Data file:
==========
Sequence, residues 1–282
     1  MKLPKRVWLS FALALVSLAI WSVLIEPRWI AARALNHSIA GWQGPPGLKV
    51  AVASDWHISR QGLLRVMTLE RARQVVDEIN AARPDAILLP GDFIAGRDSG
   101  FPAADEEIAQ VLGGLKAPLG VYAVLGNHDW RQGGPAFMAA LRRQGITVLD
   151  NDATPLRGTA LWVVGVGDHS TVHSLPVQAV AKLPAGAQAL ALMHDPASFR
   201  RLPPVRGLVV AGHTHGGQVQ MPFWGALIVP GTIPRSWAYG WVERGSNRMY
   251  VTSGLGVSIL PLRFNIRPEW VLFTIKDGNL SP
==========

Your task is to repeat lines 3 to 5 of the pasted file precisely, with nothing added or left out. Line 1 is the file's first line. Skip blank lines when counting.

    51  AVASDWHISR QGLLRVMTLE RARQVVDEIN AARPDAILLP GDFIAGRDSG
   101  FPAADEEIAQ VLGGLKAPLG VYAVLGNHDW RQGGPAFMAA LRRQGITVLD
   151  NDATPLRGTA LWVVGVGDHS TVHSLPVQAV AKLPAGAQAL ALMHDPASFR